Nanoparticle Binding Induces Size and Surface-Dependent Restructuring and Aggregation of Liposomes

Wednesday, November 10, 2010: 3:15 PM
Topaz Room (Hilton)
Geoffrey D. Bothun, Department of Chemical Engineering, University of Rhode Island, Kingston, RI and Yanjing Chen, Chemical Engineering, University of Rhode Island, Kingston, RI

Physical interactions between nanoparticles and lipid bilayers have direct relevance to, for example, the design of hybrid nanoparticle/liposome assemblies and the potential for nanoparticle-induced biomembrane destabilization, which may contribute to nanoparticle cytotoxicity. Depending on their size and surface chemistry, nanoparticles can induce membrane pore formation, lipid ordering or disordering, and changes in membrane fluidity. Using synthetic lipid bilayers, physical nanoparticle-membrane interactions that underlie these mechanisms can be determined in model systems. In this presentation, we will discuss how anionic and cationic iron oxide nanoparticles (Fe2O3 or Fe3O4) with diameters ranging from 5 to 50 nm interact with zwitterionic and charged lipid bilayer vesicles or liposomes, and lead to size and surface-dependent lipid phase separation, bilayer permeabilization, and liposome aggregation. These phenomena are examined as a function of the lipid to nanoparticle ratio and the degree of liposome surface coverage by the nanoparticles (0-100%) using differential scanning calorimetry, fluorescence spectroscopy, and cryogenic transmission electron microscopy, respectively. Our results show that, for oppositely charged nanoparticles and liposomes where binding is driven by electrostatic attraction, 5 nm nanoparticles even coat liposome surfaces and reduce lipid melting cooperativity, but do not cause lipid phase separation or liposome aggregation. In contrast, 15 and 50 nm nanoparticle bind randomly and yield phase separation and significant liposome aggregation. Furthermore, 50 nm nanoparticles are able to extract lipids from the bilayers to yield pores in the liposomes and supported lipid bilayers on the nanoparticles. Ultimately, the ability to quantify, mitigate, or exploit nanoparticle-membrane interactions could have broad implications in nanotoxicology and nanomedicine.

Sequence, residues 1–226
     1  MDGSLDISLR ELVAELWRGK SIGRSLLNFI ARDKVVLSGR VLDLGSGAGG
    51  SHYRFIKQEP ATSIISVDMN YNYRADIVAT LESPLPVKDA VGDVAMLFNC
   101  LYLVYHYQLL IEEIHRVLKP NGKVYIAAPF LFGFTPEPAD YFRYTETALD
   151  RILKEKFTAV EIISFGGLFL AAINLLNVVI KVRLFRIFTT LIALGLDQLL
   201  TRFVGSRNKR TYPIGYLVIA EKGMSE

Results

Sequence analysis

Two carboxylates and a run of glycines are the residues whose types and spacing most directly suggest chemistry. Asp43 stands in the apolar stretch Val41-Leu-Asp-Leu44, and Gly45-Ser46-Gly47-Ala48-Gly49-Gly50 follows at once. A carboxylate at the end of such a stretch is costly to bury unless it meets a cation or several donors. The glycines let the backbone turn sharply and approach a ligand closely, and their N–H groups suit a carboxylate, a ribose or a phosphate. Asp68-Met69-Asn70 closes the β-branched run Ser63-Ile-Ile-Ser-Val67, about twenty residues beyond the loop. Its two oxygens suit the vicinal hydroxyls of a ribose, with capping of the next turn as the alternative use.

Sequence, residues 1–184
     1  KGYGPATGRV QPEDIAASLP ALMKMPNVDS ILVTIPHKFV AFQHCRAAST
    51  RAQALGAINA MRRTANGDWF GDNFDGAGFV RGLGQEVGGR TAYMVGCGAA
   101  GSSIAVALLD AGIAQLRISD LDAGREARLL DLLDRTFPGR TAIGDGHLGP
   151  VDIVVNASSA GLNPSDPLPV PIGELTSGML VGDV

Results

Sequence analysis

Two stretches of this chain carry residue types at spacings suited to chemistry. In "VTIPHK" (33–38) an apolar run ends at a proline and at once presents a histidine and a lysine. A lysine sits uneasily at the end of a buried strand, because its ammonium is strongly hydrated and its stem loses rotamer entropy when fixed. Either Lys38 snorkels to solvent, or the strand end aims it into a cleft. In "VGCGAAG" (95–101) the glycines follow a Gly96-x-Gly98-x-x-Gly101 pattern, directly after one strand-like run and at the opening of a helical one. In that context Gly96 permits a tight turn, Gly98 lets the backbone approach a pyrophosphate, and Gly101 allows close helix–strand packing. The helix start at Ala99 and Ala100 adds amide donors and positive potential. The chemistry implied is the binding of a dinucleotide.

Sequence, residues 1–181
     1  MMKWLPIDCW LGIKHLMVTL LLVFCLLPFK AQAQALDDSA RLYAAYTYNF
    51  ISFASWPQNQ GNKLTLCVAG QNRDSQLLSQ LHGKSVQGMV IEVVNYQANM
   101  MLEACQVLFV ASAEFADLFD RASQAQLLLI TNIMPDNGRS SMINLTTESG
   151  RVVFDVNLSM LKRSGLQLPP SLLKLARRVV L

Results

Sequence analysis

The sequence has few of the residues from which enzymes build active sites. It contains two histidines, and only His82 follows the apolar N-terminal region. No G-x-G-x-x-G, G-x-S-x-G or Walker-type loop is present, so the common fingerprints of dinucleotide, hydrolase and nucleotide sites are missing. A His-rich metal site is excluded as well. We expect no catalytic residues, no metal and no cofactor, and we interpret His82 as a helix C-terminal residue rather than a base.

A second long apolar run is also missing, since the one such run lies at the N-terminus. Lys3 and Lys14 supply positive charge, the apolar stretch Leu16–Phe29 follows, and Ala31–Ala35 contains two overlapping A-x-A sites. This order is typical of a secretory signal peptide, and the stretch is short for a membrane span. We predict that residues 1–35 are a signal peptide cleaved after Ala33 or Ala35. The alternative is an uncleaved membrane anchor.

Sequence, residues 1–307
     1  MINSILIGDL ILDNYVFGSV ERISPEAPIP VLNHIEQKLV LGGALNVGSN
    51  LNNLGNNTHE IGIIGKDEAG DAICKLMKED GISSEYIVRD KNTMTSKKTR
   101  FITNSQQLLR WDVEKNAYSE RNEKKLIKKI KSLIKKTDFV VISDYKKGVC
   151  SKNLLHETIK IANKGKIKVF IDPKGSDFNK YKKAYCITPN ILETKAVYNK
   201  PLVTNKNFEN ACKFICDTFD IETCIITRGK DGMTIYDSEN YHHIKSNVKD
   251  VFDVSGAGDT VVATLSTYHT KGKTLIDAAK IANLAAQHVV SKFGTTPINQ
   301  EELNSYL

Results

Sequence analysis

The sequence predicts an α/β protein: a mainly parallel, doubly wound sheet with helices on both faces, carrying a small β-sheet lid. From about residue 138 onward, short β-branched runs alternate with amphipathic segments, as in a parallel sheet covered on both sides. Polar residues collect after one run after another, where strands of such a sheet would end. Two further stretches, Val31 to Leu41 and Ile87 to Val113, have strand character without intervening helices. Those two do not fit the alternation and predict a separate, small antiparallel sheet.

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See more of this Session: Colloidal Dispersions II
See more of this Group/Topical: Engineering Sciences and Fundamentals